Tuesday, 17 December 2013

At last it seems common sense prevails and it takes an Irish judge to speak out against the compensation culture gone mad. I hope this story is a lesson to all judges as the rule on compensation claims:

A CLAIM for damages over an injury caused to a two-year-old girl when a finger got trapped in the metal lid of a sugar dispenser has been described as "another case of compensation culture gone mad". The President of the High Court Mr Justice Nicholas Kearns ( I fancied his wife once, mind you I was 15 and she was 17), made the comment when he dismissed an appeal brought over the case, which had been rejected earlier this year in the Circuit Court.
Robyn Behan, who was two years and 11 months at the time, got her finger stuck in an 8mm hole at the top of the dispenser while out for a family meal in Eddie Rocket's restaurant in Blanchardstown, Dublin, in September 2011.
Through her mother, Vanessa, of North Brunswick Street, Dublin, she sued the restaurant chain.

The court heard efforts by restaurant staff to remove it with soap and other lubricants failed.
Her mother told the court blood was pumping from her child's finger. She she was brought by car to Temple Street Children's Hospital where they eventually had to cut the metal lid to remove her finger.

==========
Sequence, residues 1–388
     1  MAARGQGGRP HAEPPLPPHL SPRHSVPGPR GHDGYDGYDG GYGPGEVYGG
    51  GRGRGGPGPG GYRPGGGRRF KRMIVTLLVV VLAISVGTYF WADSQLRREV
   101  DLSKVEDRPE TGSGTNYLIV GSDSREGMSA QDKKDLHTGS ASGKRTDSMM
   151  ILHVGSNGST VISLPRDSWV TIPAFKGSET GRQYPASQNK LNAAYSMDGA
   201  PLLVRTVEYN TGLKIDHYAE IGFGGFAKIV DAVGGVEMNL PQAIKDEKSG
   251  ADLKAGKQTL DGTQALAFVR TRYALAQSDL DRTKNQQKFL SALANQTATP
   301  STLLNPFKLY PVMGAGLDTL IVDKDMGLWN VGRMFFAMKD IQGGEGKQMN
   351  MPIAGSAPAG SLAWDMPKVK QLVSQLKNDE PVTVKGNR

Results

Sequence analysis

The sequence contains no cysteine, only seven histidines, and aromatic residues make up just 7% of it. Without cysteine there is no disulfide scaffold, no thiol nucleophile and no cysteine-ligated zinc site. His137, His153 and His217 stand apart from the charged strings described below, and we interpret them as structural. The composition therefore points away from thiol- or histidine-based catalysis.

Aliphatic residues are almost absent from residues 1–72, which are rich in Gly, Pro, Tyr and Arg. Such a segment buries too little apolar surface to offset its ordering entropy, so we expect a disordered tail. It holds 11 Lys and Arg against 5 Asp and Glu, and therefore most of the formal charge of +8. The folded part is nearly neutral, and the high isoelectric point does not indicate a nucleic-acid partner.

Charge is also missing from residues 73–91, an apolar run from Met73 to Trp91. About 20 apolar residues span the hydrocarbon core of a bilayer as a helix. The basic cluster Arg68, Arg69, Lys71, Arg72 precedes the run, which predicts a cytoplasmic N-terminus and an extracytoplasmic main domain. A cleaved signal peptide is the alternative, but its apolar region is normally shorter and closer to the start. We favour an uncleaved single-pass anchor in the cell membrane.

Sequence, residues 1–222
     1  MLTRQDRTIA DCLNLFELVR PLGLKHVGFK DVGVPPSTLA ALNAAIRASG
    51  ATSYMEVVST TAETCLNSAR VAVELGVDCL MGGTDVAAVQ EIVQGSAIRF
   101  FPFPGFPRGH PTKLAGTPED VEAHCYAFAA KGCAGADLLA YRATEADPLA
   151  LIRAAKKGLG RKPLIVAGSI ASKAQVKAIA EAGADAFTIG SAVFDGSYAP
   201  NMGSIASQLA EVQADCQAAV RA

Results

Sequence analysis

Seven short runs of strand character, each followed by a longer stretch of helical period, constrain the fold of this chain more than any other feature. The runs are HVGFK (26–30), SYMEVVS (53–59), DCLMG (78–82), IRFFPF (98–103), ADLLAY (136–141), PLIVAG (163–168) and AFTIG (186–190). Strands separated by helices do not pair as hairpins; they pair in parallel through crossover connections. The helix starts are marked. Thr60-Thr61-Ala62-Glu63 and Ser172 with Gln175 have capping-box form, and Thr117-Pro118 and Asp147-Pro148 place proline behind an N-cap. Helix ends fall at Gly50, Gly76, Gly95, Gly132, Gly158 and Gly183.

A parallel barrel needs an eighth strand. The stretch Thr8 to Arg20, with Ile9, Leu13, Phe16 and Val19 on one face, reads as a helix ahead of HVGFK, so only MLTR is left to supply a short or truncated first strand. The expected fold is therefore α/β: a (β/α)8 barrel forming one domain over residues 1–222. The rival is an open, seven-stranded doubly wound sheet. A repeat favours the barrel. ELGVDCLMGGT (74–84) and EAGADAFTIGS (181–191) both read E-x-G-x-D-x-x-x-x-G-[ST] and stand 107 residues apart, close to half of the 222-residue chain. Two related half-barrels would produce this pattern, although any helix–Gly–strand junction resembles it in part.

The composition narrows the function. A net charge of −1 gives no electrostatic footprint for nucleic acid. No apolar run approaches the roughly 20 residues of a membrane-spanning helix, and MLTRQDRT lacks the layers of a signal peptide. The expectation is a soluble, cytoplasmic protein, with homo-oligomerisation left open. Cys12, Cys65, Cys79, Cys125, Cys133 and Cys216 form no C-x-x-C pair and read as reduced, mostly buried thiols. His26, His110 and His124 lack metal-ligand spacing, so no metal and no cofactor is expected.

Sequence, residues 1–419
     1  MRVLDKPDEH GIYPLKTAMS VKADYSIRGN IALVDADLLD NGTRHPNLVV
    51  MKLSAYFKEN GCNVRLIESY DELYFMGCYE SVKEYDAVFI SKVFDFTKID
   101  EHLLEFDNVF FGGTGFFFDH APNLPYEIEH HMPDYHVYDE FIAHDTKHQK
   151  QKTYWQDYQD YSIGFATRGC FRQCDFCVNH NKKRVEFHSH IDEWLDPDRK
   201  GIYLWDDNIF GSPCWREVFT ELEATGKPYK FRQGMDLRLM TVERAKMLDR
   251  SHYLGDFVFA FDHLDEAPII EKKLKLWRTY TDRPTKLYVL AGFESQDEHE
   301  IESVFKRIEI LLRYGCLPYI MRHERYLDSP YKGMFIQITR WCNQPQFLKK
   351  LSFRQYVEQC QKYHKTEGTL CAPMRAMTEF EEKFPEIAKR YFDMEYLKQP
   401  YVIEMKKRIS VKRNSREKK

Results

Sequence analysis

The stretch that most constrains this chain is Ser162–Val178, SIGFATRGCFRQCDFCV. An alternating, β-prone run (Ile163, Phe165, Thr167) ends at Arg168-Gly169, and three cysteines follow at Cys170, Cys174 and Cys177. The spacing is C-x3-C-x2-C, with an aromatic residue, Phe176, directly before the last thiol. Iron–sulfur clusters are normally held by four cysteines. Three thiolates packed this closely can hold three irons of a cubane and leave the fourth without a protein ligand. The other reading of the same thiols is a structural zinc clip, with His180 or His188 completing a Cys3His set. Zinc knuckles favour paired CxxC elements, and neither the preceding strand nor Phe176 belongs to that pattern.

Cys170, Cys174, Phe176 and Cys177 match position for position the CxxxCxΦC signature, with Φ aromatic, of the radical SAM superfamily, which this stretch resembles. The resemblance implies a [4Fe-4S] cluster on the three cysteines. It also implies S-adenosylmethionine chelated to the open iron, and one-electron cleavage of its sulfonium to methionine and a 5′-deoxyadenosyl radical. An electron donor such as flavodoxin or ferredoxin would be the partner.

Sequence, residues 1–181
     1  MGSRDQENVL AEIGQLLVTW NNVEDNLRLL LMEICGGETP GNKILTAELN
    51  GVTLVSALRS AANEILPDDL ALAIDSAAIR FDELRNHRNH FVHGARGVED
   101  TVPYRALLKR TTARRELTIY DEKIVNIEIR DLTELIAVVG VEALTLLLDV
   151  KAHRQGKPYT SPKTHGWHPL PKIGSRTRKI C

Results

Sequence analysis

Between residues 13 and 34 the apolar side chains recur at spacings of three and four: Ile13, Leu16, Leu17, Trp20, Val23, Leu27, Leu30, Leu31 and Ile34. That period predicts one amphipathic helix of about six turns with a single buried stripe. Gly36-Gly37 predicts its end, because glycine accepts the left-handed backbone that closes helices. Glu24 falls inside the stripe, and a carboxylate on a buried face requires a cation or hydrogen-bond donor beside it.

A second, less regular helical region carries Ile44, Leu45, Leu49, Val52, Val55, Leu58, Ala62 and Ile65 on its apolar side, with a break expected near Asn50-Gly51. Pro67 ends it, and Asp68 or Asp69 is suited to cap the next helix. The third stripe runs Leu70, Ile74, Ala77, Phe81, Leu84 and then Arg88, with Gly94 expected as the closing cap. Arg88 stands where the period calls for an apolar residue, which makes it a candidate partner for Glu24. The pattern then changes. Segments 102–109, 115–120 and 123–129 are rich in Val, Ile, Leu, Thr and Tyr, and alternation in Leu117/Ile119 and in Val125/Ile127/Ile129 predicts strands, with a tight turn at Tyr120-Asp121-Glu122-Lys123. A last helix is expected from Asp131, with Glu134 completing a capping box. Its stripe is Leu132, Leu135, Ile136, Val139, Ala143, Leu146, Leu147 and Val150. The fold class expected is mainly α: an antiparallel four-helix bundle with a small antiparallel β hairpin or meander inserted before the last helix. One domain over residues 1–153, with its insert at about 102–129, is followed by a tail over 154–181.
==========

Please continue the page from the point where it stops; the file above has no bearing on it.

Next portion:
The girl was left with a laceration to the bottom of her finger.
An engineer who gave evidence on behalf of Ms Behan said the dispenser did not comply with EU safety regulations in relation to hazards posed by utensils for children. The hole in question had "a fish-hook effect" once a small finger was inserted, it was claimed.
An engineer for the restaurant disputed this and said there were no regulations relating to sugar dispensers.
Mr Justice Kearns said he had examined Robyn's finger and found her a delightful little girl.
But he said: "Quite frankly, this is another case of compensation culture gone mad concerning an extraordinary suggestion that the restaurant should have warned Robyn's mother when she was being shown to a table that the sugar dispenser had a risk associated with it."
He was quite satisfied that EU law relating to safety of utensils designed for use by children does not include sugar dispensers.
To say restaurants should give specific warnings about such things would be to place a quite unreasonable burden on them, he said.
As he was sure Robyn's mother would know, "you cannot take your eye off small children for a second", he said.
The judge also awarded costs of both the High Court and Circuit Court cases against Ms Behan but suggested the parties may be able to come to some private arrangement whereby only costs from only one hearing might have to be paid.

Have a read of these : http://www.true.co.uk/story/top-5-strange-personal-injury-claims-cases/

No comments:

Post a Comment